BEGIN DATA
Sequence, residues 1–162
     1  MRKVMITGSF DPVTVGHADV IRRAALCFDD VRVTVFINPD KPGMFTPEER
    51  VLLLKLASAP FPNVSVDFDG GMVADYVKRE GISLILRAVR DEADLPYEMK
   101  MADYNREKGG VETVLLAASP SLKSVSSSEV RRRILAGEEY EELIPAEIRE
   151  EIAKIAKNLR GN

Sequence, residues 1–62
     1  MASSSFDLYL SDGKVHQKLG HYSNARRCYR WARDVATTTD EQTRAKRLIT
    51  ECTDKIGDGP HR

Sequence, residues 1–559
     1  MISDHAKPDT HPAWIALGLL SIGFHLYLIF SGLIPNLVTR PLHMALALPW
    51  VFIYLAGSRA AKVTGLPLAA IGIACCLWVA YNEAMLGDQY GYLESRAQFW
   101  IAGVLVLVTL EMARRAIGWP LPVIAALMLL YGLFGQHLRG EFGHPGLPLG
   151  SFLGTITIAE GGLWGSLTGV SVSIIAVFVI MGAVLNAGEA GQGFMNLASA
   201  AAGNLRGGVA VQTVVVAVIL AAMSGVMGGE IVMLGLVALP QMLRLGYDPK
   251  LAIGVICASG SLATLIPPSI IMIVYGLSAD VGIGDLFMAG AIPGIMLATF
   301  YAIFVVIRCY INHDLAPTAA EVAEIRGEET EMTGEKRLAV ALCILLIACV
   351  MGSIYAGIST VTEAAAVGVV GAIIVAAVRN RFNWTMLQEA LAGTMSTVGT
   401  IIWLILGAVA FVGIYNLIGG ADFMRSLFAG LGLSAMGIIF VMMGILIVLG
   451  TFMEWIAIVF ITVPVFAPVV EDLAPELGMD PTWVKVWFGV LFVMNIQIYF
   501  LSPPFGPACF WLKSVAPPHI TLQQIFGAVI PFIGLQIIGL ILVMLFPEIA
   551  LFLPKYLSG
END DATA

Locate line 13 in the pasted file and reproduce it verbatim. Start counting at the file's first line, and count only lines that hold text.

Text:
   151  SFLGTITIAE GGLWGSLTGV SVSIIAVFVI MGAVLNAGEA GQGFMNLASA